Advancing scale. Ad networks from Aquantive and Tacoda Systems, empowered with behavioral targeting technology, allow advertisers to increase their reach by making a large-scale buy, as well as improve their targeting ability by having more sites to choose from and being able to pick only those sites that best meet their needs. Aquantive, the parent company of online media buyer Avenue A, launched a behaviorally targeted ad network called Drive Performance Media, engined by software developed by Atlas DMT, another Aquantive division. Through Drive, advertisers request the audience they want to reach and bid a cost-per-action price on what they are willing to pay for that audience. Advertisers get a list of the top 250 publisher sites as ranked by Media Metrix, and can opt out of the ones they don't want their ads to appear in, but can't choose the sites they want, nor do they get a list of the sites they ran on afterward.

With this auction-type model, advertisers lose an element of control, but there are benefits. "We have packaged-goods clients saying, 'I couldn't before use the online channel effectively because I'm selling a product only 5 percent of the world is interested in,'" says Scott Howe, Drive general manager. "We also work with folks who say, 'I want to sell an airline ticket, but I only have West Coast routes, so I only want people who live in the western part of the U.S.'" One client that ran geo-targeted ads generated lift of a couple hundred percent over previous campaigns. "When we layered in inferred gender, it performed five to six times more effectively," Howe says.

With Tacoda's Audience Management System launched in late April, "The user has a dashboard, and from that dashboard, he can pick audience segments to serve an ad to, the kind of ads he wants them to see, set a frequency cap, and direct the ad anywhere he wants to. He may say, 'Serve them only if they're on this page'," says CEO David Morgan. Advertisers also have the option of taking other third-party or Aquantive data into account, such as demographics.

Similar to Aquantive's Drive, advertisers purchase an audience based on a pay-per-click bid model, and can't choose specific sites. The pricing gets its origins from the successes of search, which is a model advertisers may prefer. "I believe charging per action on premium targeting probably makes more fiscal and mutual sense, due to advertisers paying only for quality responders and ensuring our return business," says OMD's Finnegan.

Tacoda advertisers can reach a current base of 20 publishing firms, including Scripps Network, Belo Interactive, and USA Today. While most search prices are in the 35 to 50 cent cost-per-click range, according to Morgan, "We expect this product to price in the dollar-plus range," he says.

Technological improvements. In our earlier example, we suggested that a publisher might consider someone a travel enthusiast if he visits the travel section four times within 30 days. But another publisher might say it's someone who visits six times, or may bring other, different parameters into play. In fact, if you purchased ads against travel enthusiasts at a half dozen sites, there likely would be differences in all their definitions. Revenue Science is attempting to make those differences seamless by letting its Audience Search technology make the decisions. Audience Search adds natural language words to the traditional RFP information agencies present to publishers. So, "Instead of needing to understand the raw data, you could say, I want business travelers that fly frequently to Asia," says Tawakol, "and the software determines the characteristics of that kind of person and seeks them out." Or, adds CEO Bill Gossman, "say I want to find college-educated soccer moms in the Northeast. You're still going to ask for them that way, but now you can add psychographics, such as, 'This person is socially active and interested in family matters.'"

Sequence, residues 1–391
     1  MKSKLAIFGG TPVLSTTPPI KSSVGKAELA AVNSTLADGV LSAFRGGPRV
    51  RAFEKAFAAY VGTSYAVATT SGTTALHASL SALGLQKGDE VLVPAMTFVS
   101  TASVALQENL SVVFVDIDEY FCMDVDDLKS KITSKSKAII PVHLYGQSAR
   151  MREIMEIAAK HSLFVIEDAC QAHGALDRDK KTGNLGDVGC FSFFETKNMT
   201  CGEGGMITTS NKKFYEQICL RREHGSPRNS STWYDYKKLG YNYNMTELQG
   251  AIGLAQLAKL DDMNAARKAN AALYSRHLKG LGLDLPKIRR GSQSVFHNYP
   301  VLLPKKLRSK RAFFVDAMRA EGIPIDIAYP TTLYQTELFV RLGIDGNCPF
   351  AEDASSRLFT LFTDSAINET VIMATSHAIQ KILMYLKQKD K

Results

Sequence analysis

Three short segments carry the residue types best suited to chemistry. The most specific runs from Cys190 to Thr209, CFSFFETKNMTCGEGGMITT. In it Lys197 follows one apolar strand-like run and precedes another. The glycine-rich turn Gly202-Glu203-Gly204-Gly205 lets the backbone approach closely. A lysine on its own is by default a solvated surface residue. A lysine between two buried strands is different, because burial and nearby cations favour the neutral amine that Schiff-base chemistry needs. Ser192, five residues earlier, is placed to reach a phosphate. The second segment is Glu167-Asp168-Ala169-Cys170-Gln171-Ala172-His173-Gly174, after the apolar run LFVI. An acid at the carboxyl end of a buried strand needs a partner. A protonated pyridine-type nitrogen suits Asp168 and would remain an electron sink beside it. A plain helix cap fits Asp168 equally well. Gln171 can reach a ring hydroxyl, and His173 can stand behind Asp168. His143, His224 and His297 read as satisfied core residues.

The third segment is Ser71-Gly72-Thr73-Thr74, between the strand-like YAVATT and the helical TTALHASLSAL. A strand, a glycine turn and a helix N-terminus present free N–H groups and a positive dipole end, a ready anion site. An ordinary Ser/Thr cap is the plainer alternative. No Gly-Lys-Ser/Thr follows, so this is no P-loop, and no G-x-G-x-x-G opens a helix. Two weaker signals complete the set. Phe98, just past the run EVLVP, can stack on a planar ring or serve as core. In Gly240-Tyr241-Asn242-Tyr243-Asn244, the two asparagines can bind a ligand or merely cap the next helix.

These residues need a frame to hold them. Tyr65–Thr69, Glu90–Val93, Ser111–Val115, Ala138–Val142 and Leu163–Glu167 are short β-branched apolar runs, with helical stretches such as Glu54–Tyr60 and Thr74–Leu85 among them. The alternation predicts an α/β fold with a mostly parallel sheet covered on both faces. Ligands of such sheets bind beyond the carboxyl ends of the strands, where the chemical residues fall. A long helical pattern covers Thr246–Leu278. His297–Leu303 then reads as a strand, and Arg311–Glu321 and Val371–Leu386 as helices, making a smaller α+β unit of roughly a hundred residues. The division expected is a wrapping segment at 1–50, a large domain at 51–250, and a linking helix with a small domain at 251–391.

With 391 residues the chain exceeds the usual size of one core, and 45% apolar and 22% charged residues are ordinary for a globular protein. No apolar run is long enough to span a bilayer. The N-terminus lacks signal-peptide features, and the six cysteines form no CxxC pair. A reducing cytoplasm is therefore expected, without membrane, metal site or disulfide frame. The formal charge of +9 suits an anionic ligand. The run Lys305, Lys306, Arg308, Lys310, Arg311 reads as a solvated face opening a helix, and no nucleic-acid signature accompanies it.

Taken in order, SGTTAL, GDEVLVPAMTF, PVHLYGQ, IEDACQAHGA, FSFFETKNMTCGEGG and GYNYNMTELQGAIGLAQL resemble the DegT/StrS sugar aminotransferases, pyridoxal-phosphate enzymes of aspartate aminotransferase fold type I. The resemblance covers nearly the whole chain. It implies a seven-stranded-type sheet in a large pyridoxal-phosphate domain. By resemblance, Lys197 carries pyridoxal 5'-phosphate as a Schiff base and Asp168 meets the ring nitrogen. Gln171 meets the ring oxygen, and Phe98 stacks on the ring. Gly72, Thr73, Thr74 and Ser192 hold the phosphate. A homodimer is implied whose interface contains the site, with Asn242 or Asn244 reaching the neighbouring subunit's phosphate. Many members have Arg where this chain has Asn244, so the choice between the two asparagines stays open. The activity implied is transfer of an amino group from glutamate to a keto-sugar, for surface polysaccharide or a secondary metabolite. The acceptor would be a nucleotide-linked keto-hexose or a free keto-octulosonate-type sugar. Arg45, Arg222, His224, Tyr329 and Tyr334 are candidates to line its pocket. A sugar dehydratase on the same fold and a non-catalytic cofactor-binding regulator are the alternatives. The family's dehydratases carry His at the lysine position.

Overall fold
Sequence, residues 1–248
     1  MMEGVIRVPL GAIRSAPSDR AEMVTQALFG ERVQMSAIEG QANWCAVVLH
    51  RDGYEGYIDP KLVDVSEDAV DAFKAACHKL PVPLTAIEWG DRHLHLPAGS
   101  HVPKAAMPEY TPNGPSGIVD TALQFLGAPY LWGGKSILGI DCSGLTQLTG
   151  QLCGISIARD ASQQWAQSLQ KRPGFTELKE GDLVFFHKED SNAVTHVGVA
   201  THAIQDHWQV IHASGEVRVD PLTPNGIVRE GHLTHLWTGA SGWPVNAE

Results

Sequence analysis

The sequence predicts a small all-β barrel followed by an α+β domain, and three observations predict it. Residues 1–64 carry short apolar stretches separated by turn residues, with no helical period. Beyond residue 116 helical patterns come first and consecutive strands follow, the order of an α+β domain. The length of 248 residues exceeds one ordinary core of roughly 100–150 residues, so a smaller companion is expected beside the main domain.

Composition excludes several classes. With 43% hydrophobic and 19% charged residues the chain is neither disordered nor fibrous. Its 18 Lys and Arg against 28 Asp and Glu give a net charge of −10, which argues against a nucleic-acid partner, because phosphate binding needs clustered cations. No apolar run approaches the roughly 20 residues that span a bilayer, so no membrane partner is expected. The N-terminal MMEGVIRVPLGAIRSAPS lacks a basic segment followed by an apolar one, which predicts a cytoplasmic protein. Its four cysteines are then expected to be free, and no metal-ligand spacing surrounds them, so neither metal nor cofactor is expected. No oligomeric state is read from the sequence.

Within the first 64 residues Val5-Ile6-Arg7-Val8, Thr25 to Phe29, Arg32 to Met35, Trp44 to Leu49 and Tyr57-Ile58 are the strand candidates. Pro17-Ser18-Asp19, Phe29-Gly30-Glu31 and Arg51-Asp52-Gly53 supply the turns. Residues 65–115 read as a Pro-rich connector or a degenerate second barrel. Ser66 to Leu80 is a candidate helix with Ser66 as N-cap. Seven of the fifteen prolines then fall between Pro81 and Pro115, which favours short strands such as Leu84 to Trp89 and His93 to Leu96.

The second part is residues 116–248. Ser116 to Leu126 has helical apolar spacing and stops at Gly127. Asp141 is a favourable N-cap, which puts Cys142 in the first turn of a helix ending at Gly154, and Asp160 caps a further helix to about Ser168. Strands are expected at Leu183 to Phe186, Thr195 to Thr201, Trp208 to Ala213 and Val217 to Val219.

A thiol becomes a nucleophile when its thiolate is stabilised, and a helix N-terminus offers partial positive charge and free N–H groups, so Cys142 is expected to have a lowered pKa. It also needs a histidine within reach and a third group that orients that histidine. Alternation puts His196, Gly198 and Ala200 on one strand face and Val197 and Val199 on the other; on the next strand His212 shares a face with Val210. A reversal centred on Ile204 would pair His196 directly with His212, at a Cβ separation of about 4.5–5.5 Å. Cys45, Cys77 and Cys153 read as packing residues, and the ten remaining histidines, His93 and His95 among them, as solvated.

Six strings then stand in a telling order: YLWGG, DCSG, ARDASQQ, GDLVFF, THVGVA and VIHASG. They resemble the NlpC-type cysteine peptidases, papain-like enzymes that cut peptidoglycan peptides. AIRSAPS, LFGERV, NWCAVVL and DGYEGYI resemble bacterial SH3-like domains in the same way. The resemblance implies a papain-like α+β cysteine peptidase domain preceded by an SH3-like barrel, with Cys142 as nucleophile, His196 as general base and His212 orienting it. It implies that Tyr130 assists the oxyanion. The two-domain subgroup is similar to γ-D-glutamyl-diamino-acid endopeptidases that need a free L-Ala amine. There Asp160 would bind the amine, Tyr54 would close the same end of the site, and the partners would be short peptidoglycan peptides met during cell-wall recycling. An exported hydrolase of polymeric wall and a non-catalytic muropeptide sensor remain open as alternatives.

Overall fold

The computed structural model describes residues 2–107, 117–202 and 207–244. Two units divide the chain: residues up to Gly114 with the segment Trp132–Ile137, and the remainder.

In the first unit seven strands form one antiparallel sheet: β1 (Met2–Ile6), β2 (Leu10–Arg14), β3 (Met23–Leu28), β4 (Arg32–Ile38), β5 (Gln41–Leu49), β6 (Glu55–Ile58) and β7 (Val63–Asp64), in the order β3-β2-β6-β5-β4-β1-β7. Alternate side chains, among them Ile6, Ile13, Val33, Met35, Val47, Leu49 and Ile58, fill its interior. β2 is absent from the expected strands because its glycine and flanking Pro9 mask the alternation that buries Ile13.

The technology stores and sifts through months of data, but publishers specify how far back they want profiles to be built on. Profiles are continually updated in real time. The tool also includes a behavioral relevance score - "A slider bar, with maximum reach on the left and maximum relevance on the right," Tawakol explains. "With it, you can figure out the optimal point for your advertiser." In addition to creating packages around sold-out sections, publishers can also prepackage a target audience for a group for which there is no existing editorial focus, such as the pharmaceuticals industry, or can customize based on a specific client's campaign goals.

On March 18, 24/7 Real Media introduced a behavioral targeting tool as part of its Insight suite, which eliminates the incompatibility issue caused by trying to match up the three different pieces of software. Called Insight ACT, the technology sits in between the firm's analytics tool, Insight XE, and its ad server tool, Insight OAS, to form a complete three-tiered package that speaks one language.

Publishers that are part of 24/7's Web Alliance ad network will be asked to opt in to whether they want to offer behaviorally targeted ads to their advertisers. Publishers who acquire the technology outright from 24/7 have a choice of either purchasing the software and hosting it on their own networks, or leasing via 24/7's ASP offering. Ad-network publishers that have opted in to to date include, Lycos and Women's Forum.